The other day, my wife and I were talking about her trip with my daughter for a college visit. As I am wont to do (because I am, yes, that guy) I asked what route she took to get there; was it this interstate vs. that interstate? She stared back blankly, clearly unable to recall any of the major highways between here and there.
You don't have to be our ages to have a "senior moment." Who among us are not flummoxed when we fail to recall an actor in a movie we have seen 20 times, or the name of the guy that cousin Sarah married? But I suspect there is something more profound at work in this case of Failure to Recall: GPS. Since my wife is of the female persuasion, she dutifully enters her destination into the car's GPS system before setting out and avoids the male scenario of yelling at a frightened co-pilot “Why did you let me miss that goddamned exit!!" because said co-pilot couldn't shuffle the road atlas fast enough, or couldn't get a cell signal for Google Maps (welcome back, iPhoners).
While Failure to Recall: vGPS may not seem like the end of the world, it becomes alarming when you consider how technology has now erased all memory of other things like phone numbers and street addresses. There was a time you could spout off dozens of addresses down to the precisely correct ZIP code, and knew nearly everybody's phone number by heart. But thanks to Failure to Recall: vEmail and Failure to Recall: vSmartphone, you can't even call your grey-haired old mum without accessing her contact information.
Although I am decidedly not a Facebooker, I am confident than many of you rely on its technology to remind you of a relative’s or VIP’s birthday (and some even let FB send the greeting, however impersonal it may seem to the birthday boy or girl). All of the romance and satisfaction of getting a handwritten letter -- or, worse but still acceptable, a snarky birthday card -- is fast disappearing in the technology age.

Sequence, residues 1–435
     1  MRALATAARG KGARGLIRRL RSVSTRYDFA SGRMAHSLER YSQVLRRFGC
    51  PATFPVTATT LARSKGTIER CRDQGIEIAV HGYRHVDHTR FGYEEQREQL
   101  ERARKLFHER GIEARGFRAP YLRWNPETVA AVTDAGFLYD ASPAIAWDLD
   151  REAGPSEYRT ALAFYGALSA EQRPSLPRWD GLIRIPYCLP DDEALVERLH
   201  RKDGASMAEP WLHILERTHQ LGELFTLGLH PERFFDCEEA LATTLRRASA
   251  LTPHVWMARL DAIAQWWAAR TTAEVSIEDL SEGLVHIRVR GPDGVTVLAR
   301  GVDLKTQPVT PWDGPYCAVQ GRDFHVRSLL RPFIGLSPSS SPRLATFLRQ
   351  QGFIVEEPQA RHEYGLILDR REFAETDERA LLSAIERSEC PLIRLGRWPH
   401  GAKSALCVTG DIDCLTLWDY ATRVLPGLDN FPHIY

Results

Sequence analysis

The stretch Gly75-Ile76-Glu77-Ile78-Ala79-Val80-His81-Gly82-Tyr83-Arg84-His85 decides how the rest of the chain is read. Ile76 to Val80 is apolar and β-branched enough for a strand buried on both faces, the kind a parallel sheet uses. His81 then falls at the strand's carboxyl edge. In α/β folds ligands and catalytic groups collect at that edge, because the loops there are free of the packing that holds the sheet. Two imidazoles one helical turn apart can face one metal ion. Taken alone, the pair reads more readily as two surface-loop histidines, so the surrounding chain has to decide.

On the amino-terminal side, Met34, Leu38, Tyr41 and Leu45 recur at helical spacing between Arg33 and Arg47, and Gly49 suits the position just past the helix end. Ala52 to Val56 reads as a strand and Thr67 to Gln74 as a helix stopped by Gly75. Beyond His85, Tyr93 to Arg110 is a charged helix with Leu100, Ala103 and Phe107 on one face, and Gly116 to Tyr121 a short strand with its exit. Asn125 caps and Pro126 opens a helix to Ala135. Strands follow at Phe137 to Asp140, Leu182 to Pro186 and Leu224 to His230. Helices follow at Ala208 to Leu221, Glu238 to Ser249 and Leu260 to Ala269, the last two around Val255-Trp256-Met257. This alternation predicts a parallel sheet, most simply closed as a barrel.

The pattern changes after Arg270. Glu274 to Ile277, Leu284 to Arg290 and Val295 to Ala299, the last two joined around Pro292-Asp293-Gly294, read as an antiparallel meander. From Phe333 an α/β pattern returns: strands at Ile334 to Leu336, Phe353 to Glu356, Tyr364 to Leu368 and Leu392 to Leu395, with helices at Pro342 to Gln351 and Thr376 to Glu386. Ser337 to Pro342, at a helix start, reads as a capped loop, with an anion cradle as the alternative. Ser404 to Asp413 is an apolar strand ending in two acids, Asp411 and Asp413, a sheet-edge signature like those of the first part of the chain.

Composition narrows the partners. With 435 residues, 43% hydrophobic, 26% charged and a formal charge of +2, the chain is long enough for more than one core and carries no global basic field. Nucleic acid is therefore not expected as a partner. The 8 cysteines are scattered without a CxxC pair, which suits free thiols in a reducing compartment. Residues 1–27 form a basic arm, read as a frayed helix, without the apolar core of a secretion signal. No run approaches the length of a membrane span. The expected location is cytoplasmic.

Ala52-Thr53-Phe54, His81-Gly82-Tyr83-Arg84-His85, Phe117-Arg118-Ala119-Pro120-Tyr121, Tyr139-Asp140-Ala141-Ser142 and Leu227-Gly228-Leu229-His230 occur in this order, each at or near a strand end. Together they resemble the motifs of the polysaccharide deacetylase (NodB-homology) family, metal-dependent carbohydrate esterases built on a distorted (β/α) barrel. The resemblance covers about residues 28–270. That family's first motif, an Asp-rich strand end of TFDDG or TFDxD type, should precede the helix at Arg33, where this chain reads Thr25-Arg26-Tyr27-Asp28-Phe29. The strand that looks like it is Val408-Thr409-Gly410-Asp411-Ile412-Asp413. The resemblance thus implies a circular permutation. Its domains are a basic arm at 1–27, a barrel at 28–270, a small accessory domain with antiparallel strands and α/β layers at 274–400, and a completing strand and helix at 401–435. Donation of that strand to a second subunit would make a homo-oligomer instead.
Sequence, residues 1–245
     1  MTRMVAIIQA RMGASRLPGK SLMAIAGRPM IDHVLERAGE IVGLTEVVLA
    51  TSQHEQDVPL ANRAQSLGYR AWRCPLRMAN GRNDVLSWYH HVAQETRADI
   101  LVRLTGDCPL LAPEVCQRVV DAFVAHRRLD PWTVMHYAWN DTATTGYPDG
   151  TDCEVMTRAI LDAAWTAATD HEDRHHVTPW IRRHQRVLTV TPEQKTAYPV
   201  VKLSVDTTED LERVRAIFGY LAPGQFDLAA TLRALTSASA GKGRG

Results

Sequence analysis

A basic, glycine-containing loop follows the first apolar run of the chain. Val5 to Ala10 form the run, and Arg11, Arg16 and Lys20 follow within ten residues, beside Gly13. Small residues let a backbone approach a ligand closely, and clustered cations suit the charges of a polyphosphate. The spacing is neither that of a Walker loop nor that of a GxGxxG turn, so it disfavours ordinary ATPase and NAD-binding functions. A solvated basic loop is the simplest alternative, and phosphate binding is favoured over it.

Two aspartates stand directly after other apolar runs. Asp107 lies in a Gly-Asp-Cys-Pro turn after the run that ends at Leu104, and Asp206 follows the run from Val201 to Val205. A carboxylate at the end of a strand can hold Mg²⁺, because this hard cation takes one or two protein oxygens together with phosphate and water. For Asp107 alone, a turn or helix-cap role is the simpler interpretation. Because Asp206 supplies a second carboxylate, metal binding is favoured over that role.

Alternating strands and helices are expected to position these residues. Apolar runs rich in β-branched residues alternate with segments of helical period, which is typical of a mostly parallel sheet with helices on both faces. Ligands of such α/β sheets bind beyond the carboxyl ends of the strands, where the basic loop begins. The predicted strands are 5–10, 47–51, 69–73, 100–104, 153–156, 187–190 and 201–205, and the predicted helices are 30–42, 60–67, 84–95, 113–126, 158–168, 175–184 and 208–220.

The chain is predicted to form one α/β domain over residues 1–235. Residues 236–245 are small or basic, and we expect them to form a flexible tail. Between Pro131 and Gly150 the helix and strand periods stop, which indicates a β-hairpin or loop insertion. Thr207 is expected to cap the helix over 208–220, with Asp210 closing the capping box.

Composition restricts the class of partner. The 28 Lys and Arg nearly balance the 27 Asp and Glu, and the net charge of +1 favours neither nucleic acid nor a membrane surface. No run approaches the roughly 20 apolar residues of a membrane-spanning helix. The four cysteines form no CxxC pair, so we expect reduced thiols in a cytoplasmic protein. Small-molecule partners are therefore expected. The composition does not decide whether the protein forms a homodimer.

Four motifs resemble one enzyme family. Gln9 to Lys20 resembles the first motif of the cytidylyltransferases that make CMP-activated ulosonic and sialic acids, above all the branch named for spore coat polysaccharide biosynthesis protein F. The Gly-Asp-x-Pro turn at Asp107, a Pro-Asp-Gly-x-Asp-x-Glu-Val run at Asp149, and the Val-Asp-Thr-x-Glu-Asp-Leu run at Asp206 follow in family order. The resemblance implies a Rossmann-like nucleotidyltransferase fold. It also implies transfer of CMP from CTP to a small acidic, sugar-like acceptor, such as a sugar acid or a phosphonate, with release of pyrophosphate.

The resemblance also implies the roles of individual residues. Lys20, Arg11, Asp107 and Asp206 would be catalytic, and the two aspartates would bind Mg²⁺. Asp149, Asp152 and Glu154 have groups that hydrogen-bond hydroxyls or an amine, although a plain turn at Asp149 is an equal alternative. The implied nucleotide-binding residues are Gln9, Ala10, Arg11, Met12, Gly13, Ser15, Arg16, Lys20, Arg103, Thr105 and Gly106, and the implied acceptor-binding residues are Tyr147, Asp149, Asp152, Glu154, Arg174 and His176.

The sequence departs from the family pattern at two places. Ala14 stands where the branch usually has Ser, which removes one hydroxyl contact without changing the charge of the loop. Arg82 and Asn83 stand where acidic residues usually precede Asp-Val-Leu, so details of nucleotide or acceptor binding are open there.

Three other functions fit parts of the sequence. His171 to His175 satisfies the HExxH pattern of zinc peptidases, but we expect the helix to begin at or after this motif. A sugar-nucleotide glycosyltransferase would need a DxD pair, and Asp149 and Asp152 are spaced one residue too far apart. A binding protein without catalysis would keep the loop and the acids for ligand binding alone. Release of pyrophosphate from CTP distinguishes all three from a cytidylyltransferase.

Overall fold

We all remember the cartoon of the guy staring at his computer screen and saying into the phone:"And how is your wife living at 245 Ocean Drive and her 2.5 children?" Not so far-fetched from where we are heading. While the ability to collect information about customers (both on and off line, thank you again WSJ) is unparalleled in history, what good is it when a customer you used to be on a first name basis with suddenly walks through the door -- and you haven't a clue what that first name is anymore?
I experienced a little of that at a car dealer recently where I was greeted with the usual utter indifference until someone realized I had bought two cars from them in the past. Suddenly everyone puckered up to kiss my ass. Since they had fair warning via some Internet-enabled back-and-forth before I showed up for a test drive, you would have thought SOMEBODY would have read my file before I hit the door. Apparently not.
Technology has enabled me to do so much more, but without having to learn so much more. For example, when my kids give me songs for my MP3 player at the gym and someone asks me who the artist is, I have no idea. Not even the name of the song, because the entire transaction was electronic and at no point required that I read anything about the music.
Want to have some fun to break the holiday monotony? Take your kid to the local library and tell him or her to find a book without asking for help. Save a trip, ask them to quickly find a foreign affairs story in the A section of the newspaper. When they are keyless, they are clueless.
It seems to me the more we rely on technology, the more our ability to remember fades away. With our kids growing up utterly dependent on technology for everything from homework to social interaction, there will come a day when you ask them if they remembered to buy a birthday card for Grandma -- and they won't know who she is until they access your online genealogy.